The Federal Bureau of Investigation has released an archival file relating to the death of Nirvana frontman Kurt Cobain, 27 years after the rock icon died by suicide. The records, now publicly accessible, contain two letters sent to the Bureau requesting that they reopen the investigation into Cobain’s death in 1994.
One claims that the police involved in the investigation into Cobain’s death were “never very serious in investigating it as a murder,” and says there is “more than enough evidence to reopen the case and change the cause of death from suicide to murder.”
Another, sent in 2003, comes from an individual who believes “a great injustice might have been committed” in Cobain’s case, requesting a “reexamination” of his death.
“Millions of fans around the world would like to see the inconsistencies surrounding the death cleared up once and for all. It is sad to think that an injustice of this nature can be allowed in the United States.”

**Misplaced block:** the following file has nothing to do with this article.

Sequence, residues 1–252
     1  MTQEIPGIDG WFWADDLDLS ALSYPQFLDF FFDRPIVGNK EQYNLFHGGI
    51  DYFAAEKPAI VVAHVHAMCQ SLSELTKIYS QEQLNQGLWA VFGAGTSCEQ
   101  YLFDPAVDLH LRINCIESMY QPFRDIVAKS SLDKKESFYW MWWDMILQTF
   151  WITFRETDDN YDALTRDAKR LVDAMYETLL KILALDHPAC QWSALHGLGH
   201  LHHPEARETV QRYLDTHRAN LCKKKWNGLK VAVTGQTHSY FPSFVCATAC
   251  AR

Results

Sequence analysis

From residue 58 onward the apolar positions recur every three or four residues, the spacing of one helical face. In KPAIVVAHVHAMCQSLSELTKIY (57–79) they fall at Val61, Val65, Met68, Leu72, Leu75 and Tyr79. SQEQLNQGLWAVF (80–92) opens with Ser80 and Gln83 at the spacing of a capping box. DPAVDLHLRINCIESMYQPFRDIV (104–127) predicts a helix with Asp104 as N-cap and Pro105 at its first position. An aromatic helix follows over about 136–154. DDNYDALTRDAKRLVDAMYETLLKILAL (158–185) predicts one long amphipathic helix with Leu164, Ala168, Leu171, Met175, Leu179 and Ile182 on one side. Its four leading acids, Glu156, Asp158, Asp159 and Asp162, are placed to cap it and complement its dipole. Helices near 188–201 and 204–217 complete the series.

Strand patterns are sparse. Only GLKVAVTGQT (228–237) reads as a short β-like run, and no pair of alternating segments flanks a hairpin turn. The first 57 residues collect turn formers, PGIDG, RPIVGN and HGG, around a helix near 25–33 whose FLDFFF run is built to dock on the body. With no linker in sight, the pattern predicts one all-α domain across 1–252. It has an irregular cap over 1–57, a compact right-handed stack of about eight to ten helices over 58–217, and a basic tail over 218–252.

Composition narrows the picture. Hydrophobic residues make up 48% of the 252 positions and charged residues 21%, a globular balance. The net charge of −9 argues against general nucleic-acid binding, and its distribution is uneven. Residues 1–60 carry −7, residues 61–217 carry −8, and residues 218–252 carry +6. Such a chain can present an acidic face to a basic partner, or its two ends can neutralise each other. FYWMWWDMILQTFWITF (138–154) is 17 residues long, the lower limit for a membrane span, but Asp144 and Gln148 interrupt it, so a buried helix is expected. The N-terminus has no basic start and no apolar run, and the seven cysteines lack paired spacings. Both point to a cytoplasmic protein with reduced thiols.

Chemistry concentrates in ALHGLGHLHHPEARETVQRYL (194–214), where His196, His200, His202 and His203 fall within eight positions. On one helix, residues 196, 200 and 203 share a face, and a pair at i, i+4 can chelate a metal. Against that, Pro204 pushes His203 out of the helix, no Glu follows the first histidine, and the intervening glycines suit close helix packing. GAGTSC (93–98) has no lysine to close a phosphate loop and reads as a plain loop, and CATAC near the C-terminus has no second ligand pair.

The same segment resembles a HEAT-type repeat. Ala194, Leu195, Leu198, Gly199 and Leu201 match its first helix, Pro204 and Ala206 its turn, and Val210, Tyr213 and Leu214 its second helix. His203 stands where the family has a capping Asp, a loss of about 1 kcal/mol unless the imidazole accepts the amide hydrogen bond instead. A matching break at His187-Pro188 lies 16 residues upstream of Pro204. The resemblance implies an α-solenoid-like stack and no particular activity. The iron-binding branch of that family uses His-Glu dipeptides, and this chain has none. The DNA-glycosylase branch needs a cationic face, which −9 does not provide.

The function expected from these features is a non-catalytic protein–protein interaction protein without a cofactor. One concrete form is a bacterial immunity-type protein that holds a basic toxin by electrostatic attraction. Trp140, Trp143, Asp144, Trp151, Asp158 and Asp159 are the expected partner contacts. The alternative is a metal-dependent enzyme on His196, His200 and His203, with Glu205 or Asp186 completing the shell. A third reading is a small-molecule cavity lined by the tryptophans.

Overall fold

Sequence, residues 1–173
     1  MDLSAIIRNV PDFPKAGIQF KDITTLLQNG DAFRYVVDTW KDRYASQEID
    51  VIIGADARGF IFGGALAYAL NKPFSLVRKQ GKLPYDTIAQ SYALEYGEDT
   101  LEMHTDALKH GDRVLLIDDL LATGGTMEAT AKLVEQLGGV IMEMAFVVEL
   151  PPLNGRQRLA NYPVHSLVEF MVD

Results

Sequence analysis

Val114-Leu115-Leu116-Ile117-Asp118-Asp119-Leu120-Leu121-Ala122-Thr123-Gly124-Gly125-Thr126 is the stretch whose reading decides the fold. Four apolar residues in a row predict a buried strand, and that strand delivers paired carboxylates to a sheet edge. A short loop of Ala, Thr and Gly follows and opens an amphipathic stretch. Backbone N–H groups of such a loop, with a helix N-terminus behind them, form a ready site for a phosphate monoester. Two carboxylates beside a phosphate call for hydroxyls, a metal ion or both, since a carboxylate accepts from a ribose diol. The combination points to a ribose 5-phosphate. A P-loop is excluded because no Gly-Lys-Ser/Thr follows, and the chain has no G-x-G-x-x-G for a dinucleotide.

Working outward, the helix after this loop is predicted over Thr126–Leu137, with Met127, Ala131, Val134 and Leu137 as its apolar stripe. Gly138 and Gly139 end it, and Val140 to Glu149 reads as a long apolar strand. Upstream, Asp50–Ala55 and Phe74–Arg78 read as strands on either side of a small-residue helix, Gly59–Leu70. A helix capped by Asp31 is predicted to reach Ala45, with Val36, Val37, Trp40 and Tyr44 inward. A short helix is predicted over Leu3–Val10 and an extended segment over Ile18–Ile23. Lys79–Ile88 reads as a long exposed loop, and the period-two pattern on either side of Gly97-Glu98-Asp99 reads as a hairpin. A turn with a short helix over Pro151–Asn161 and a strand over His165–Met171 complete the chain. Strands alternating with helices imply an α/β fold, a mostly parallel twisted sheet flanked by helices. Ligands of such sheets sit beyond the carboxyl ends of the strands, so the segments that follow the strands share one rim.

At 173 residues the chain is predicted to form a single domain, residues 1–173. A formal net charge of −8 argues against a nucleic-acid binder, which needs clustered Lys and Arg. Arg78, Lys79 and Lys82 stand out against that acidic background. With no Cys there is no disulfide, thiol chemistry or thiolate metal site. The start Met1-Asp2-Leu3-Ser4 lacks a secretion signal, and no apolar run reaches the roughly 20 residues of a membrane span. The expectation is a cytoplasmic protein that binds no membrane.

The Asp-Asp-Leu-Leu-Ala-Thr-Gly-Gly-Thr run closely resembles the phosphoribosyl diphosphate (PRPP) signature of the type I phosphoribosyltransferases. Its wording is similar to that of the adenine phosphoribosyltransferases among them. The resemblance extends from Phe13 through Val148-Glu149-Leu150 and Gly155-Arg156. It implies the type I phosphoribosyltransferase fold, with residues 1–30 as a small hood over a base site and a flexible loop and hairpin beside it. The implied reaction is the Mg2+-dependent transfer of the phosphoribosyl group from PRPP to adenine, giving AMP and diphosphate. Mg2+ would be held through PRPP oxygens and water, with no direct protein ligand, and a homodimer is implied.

There are also three letters the FBI sent back to those who requested a reinvestigation into Cobain’s death, explaining that homicide investigations are generally within the jurisdiction of state and local authorities.
“In order for the FBI to initiate an investigation of any complaint we receive, specific facts must be present to indicate that a violation of federal law within our investigative jurisdiction has occurred,” they read.
“Based on the information you provided, we are unable to identify any violation of federal law within the investigative jurisdiction of the FBI. We are, therefore, unable to take any investigative action in this case.”
The file ends with a fax sent to the FBI in 1997 by Cosgrove/Meurer Productions, a production company who helmed the documentary series Unsolved Mysteries, which featured an episode on Cobain the same year.
“At least one investigator, Tom Grant, a Los Angeles based private investigator and former L.A. Country Sheriff’s deputy, is convinced that the official ruling of suicide was a rush to judgement,” it reads.
“The Seattle police are confident they made the correct ruling. They consider the case closed. Tom Grant does not. He believes the investigation should be re-opened and the inconsistencies resolved once and for all.”
You can read the file in full here.